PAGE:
A week-long summit for American Indian and Alaska Native leaders took place this week in various locations in Washington, D.C. More than 200 American Indian and Alaska Native youth and adult leaders from more than 50 tribal communities across the United States participated in the summit, which ended Aug. 2.
At the summit, tribal youth were able to discuss issues affecting them in their communities, and officials from the Obama Administration were given the opportunity to hear about the issues directly from the tribal community.
“This summit is an opportunity for those of us in Washington to hear directly from youth as representatives of their tribes,” said Acting Associate Attorney General Tony West. “The choices that young leaders make will help define the future of their tribal nations. Working together, we can develop solutions to the challenges that they, their families and their peers face each day.”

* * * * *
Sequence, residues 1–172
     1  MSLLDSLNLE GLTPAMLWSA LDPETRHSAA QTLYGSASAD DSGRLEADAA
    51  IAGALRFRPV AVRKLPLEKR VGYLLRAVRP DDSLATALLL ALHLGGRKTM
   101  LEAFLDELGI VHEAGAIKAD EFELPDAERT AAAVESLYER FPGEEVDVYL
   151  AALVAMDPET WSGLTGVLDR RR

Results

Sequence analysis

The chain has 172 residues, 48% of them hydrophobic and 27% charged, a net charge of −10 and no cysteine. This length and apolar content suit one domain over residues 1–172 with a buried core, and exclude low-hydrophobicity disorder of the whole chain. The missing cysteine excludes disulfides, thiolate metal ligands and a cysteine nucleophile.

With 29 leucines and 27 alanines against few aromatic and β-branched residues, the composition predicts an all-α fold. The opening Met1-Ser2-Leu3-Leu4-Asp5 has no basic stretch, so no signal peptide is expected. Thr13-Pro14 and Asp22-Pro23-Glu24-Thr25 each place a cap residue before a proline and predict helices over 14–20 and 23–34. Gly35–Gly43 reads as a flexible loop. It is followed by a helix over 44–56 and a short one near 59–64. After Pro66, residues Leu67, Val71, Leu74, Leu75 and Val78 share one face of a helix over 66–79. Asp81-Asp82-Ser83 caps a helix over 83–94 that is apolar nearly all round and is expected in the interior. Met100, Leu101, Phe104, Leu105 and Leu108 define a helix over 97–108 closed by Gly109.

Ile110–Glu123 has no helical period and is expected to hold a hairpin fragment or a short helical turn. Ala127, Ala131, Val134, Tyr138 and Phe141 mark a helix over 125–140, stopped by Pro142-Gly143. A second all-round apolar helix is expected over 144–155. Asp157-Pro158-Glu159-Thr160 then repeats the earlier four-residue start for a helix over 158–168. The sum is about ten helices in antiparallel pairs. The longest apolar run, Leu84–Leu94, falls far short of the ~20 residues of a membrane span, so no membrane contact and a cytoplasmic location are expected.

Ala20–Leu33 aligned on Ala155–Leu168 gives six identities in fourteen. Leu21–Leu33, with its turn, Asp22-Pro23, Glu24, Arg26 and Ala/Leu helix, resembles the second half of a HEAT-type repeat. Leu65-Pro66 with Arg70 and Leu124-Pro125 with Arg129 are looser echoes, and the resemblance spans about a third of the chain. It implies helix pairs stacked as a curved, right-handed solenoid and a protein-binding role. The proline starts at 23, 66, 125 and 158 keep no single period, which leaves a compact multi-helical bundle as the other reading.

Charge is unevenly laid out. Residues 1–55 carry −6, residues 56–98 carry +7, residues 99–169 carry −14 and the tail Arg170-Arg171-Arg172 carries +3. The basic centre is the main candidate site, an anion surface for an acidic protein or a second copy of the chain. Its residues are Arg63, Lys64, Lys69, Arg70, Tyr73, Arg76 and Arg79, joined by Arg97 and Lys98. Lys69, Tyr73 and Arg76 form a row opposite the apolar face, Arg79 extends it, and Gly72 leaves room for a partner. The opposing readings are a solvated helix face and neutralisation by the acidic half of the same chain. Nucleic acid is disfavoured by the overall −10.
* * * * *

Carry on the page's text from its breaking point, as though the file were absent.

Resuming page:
Summit participants were given the opportunity to hone leadership skills through discussions with tribal leaders and field experts on cultural values and community-based solutions. Officials from the Departments of Justice, Interior, Health and Human Services and Education also participated in the discussions with the young tribal community.
The Youth Summit initiative was created by the Justice Department as a way to promote community involvement in public safety activities in tribal communities, the Justice Department said, following requests from tribal leaders to create culturally appropriate programs on prevention, early intervention, treatment, rehabilitation and reentry programs for tribal community members.
This year’s summit coincided with the second anniversary of President Barack Obama’s signing of the Tribal Law and Order Act into law.